devotional studies on the Father from John’s gospel
John 4. There are several references to the Father in this one story:
‘Jesus said to her ‘woman, believe me, the hour is coming when neither on this mountain nor in Jerusalem will you worship the Father.’ 4:21
‘the hour is coming, and is now here, when the true worshippers will worship the Father in spirit and truth, for the Father is seeking such people to worship him.’ 4:23
There is so much to be said here. Three times in four short verses the Father is mentioned. The flow of conversation suggests that Jesus’ first mention of the Father relates to the woman’s talk of ancestors; ‘Our fathers worshipped on this mountain’ she says.
This statement of hers is a ‘I’m just doing what was handed to me from my people…’ ie firstly if this is wrong, it’s not my fault and secondly the higher powers (of my people and the past) decide who we are and what we do.
Jesus’ reply to these statements is essentially: I’m talking about God. Let’s not miss the point of it all – you and God the Father. Where people would like to talk in abstract, third person terms Jesus makes things personal. ‘God the Father is my father, he’s who I listen to and you should too’.
The woman may have thought that referencing her ‘fathers’ (ancestors) was enough to shift the discussion away from here, Jesus isn’t satisfied with her doing that. God isn’t a remote and religious idea, he is a father. In fact he is the Father. He is the one from whom all fathers derive the name father and Jesus is quick to bring things round to this personal, everyone’s true heritage and ancestry, father. But things don’t end there. Jesus then says that the time is here when we will worship the Father in spirit and truth before going on to reveal that the Father is in fact seeking such people to worship him.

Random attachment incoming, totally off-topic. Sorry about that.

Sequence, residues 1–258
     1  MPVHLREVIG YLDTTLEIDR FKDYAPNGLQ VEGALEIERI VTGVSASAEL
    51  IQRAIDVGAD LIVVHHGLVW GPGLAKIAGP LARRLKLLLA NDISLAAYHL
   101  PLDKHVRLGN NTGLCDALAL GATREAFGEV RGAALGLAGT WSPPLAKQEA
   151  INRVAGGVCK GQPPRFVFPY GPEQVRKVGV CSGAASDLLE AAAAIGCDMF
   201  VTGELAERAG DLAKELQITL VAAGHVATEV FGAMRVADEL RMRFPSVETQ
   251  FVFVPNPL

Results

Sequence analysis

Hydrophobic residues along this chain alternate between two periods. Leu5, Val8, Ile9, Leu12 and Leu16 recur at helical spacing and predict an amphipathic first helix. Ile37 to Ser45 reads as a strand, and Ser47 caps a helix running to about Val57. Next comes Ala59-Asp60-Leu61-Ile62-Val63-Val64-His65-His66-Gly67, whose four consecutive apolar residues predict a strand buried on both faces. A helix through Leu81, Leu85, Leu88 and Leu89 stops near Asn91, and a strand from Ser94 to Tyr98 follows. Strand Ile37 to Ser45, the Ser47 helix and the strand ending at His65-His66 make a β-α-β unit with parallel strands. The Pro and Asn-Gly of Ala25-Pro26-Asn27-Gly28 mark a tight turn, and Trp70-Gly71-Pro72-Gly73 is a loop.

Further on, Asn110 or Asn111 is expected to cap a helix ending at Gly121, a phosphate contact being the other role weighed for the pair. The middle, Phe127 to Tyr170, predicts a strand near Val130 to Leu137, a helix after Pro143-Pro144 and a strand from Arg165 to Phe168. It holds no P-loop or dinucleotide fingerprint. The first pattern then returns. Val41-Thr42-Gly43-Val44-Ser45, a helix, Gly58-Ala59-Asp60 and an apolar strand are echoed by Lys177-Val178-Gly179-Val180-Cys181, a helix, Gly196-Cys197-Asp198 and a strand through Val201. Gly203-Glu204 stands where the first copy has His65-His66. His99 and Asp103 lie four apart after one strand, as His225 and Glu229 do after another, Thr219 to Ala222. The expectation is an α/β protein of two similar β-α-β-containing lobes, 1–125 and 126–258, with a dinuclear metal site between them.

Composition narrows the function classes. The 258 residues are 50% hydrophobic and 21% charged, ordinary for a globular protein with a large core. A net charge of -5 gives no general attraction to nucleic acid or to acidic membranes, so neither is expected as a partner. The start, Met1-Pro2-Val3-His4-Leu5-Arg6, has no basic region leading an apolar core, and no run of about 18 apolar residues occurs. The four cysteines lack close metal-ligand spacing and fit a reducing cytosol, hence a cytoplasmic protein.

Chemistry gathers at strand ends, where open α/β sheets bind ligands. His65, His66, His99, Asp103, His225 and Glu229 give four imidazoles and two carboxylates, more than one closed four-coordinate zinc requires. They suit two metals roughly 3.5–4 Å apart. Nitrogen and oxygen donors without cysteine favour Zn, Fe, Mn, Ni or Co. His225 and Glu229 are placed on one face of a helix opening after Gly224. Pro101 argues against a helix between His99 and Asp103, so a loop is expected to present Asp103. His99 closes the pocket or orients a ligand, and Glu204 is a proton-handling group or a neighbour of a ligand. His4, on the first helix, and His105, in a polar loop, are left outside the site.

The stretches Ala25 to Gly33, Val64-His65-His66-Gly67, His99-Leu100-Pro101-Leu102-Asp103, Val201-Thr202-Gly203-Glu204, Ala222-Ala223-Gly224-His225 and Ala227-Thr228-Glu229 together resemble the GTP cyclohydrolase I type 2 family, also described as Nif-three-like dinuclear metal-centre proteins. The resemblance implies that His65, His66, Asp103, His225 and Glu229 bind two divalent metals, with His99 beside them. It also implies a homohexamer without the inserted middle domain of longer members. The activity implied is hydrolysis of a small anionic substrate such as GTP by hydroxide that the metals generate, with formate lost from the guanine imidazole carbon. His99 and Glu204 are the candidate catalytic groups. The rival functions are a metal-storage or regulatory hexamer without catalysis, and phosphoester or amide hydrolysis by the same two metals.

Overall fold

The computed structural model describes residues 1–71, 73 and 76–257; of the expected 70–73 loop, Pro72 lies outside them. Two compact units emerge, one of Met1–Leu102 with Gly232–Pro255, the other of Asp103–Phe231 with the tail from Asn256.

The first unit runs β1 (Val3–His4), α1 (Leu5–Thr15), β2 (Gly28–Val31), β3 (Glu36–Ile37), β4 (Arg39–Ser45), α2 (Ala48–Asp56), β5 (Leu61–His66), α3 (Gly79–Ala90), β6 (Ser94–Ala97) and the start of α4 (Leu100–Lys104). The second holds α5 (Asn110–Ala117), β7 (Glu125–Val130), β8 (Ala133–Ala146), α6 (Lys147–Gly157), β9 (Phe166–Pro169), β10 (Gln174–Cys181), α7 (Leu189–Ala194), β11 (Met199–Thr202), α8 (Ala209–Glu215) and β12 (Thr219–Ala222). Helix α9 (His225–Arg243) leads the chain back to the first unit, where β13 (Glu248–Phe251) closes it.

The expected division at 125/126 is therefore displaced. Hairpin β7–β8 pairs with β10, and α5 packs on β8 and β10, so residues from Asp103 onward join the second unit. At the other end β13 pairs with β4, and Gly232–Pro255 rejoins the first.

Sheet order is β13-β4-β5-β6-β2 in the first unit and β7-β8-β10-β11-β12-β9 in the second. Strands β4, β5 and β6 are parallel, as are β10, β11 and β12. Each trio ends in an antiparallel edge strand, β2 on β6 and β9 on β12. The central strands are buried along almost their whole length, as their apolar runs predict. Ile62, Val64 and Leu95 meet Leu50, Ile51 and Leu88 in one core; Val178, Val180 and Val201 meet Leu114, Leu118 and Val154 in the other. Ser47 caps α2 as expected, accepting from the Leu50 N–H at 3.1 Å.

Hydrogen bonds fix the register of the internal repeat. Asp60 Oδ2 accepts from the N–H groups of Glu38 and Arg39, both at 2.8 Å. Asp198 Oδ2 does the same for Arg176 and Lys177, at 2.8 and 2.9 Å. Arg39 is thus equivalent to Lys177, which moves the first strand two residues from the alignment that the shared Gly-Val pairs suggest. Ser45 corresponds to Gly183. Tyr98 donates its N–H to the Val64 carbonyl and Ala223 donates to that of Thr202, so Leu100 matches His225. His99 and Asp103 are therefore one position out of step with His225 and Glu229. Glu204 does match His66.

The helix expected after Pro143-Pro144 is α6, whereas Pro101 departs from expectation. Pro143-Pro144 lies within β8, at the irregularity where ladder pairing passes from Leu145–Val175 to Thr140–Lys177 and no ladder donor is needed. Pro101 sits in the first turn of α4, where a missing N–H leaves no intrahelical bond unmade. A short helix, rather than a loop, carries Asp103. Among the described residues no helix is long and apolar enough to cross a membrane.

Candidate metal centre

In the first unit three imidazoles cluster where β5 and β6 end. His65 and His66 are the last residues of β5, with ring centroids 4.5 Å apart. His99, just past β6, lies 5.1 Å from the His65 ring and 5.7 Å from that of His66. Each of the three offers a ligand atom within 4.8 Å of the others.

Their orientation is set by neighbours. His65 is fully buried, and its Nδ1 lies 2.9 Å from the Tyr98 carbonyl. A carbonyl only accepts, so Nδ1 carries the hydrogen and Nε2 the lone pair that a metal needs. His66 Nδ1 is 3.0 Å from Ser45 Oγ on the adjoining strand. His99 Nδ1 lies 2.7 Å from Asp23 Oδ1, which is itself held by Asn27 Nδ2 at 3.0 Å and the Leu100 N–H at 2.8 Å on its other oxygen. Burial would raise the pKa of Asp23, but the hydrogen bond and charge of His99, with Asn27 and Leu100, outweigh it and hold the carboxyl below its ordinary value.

What does the phrase ‘in spirit and in truth’ actually mean though?
Worship ‘in truth’ seems abvious enough and in the context seems to mean ‘rightly’. She’s raising the dispute over where people ought to worship God (as in ‘where is right?’). Since, her argument goes, we’ve worshipped God on this mountain for hundreds of years surely God doesn’t mind. He hasn’t stopped us doing it, after all. Surely there’s the some truth in that, she argues.
Jesus doesn’t get into a discussion over that. Instead he says in effect ‘that may be, but now God is seeking worship in spirit and in truth. The reply makes it sound like he’s saying ‘you worship in spirit, (as in you worship where you think is right, with honest intentions) they worship in truth (the ones who worship in Jerusalem), but God wants both.
Taken this way ‘spirit’ refers to integrity of motive – with your whole heart. But lest this becomes reduced to ‘do whatever feels best and God will like it’ he says that truth matters as well. In other words ‘obeying God and coming to him on his terms and in the way that he has described’ is important too.
True worshippers do both. True worshippers have their heart and soul in it and also their heads and their will. Because you care about God, (your heart and soul) you surely also care about what’s right by him too.
For the purpose of my study on the Father all this leads me somewhere rather exciting.
- The Father values truth and tenderness equally. He wants right feeling and right thinking from his people. By right feeling I mean simply that feelings are involved and not left on the shelf/at the door. God is not after cold robots dutifully singing songs but people who allow their hearts to get caught up with him. To get caught up in him.
- The Father is seeking and desires. Dos does not want robotic worship because he it not robotic. The Father desires and seeks and feels and cares and loves. He is not cole and distant, emotionless and driven by base animal instincts: ‘Must have more worship!! Must have more worship!’ – No! My Father seeks what he desires since he is a being full of ‘heart and soul’. He is a person after all.